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Intrauterine stress and male cohort quality: The case of September 11, 2001

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  • Bruckner, Tim A.
  • Nobles, Jenna
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    Abstract

    Empirical research and the theory of natural selection assert that male mortality more than female mortality responds to ambient stressors in utero. Although population stressors may adversely damage males that survive to birth, the rival culled cohort hypothesis contends that males born during stressful times may exhibit better health than males in other cohorts because fetal loss has “culled” the frailest males. We tested these hypotheses by examining child developmental outcomes in a U.S. birth cohort reportedly affected in utero by the September 11, 2001 attacks. We used as outcomes the Bayley cognitive score and child height-for-age from the Early Childhood Longitudinal Study-Birth Cohort. Previous research demonstrates a male-specific effect of 9/11 on California infants born in December 2001. We, therefore, compared cognition and height of this cohort with males born prior to the 9/11 attacks. We controlled for unobserved confounding across gender, season, and region by using triple-difference regression models (N = 6950). At 24 months, California males born in December scored greater than expected in cognitive ability (coef = 9.55, standard error = 3.37; p = 0.004). We observed no relation with height. Results remained robust to alternative specifications. Findings offer partial support for the culled cohort hypothesis in that we observed greater than expected cognitive scores at two years of age among a cohort of males affected by 9/11 in utero. Contemporary population stressors may induce male-specific culling, thereby resulting in relatively improved development among males that survive to birth.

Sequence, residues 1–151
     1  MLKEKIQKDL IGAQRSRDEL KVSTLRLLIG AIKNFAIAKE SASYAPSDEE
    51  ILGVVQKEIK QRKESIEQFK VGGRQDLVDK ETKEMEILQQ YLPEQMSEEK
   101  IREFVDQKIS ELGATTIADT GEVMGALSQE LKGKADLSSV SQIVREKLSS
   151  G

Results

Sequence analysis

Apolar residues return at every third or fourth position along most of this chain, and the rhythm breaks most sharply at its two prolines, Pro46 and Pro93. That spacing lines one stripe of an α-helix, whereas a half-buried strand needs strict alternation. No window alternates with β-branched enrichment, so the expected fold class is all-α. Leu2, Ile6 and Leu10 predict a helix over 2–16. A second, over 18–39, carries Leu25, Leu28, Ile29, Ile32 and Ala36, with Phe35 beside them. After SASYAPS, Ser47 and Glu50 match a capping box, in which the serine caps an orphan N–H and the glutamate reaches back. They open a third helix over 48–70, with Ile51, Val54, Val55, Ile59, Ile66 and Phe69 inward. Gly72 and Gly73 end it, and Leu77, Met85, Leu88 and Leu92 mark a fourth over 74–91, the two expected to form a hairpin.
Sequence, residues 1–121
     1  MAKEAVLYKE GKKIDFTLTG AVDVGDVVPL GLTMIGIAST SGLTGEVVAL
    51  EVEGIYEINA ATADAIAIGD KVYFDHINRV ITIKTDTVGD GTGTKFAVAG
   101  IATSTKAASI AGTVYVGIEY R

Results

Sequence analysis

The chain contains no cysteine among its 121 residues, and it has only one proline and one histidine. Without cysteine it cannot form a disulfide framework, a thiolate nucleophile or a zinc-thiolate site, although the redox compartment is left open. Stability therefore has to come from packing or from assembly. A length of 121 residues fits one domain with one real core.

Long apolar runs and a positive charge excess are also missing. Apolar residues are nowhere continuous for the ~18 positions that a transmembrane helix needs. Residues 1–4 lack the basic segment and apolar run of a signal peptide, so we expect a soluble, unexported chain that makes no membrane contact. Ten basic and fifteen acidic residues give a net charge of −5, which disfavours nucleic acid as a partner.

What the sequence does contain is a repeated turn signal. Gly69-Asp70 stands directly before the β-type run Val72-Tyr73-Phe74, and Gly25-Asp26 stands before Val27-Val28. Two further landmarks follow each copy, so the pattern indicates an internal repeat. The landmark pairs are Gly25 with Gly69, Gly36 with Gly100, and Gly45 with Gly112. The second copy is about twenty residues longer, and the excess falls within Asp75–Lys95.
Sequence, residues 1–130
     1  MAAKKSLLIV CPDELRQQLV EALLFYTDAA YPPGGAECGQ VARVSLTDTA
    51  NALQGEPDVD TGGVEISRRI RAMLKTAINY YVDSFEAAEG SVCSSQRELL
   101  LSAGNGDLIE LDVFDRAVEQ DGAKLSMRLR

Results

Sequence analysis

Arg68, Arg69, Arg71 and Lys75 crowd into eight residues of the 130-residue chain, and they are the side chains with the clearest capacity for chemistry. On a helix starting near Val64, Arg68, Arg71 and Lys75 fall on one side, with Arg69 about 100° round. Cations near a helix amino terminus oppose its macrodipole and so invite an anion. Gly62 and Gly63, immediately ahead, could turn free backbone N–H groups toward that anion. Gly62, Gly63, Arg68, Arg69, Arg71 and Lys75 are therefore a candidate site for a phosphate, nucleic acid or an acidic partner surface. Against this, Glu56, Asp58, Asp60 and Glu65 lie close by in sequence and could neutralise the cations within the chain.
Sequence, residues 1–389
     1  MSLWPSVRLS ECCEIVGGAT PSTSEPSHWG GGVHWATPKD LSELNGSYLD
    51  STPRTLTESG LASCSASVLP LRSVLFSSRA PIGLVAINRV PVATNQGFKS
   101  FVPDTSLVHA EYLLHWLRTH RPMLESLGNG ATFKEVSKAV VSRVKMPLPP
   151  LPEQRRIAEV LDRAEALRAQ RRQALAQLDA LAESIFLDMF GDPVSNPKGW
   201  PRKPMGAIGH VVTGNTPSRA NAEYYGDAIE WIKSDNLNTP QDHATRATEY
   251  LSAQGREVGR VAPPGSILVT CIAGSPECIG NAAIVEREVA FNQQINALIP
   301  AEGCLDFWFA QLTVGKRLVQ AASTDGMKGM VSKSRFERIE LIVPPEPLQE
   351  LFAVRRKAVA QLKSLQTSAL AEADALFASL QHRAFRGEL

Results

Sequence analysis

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    Bibliographic Info

    Article provided by Elsevier in its journal Social Science & Medicine.

    Volume (Year): 76 (2013)
    Issue (Month): C ()
    Pages: 107-114

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    Handle: RePEc:eee:socmed:v:76:y:2013:i:c:p:107-114

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    Related research

    Keywords: Mortality selection; Fetal origins; Natural selection; Bayley score; Height; Child development; U.S.A; Sex ratio;

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